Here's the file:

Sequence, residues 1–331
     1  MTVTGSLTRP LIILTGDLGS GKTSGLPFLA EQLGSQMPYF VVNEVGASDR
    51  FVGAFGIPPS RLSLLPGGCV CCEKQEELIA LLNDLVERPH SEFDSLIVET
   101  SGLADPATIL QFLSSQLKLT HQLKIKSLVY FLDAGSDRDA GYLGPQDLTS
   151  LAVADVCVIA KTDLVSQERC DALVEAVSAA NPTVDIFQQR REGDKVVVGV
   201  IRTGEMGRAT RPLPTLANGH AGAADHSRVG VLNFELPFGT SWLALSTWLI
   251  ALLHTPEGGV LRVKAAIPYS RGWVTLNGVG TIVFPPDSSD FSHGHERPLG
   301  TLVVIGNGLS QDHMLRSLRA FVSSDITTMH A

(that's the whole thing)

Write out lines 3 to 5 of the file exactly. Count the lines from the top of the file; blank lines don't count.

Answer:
    51  FVGAFGIPPS RLSLLPGGCV CCEKQEELIA LLNDLVERPH SEFDSLIVET
   101  SGLADPATIL QFLSSQLKLT HQLKIKSLVY FLDAGSDRDA GYLGPQDLTS
   151  LAVADVCVIA KTDLVSQERC DALVEAVSAA NPTVDIFQQR REGDKVVVGV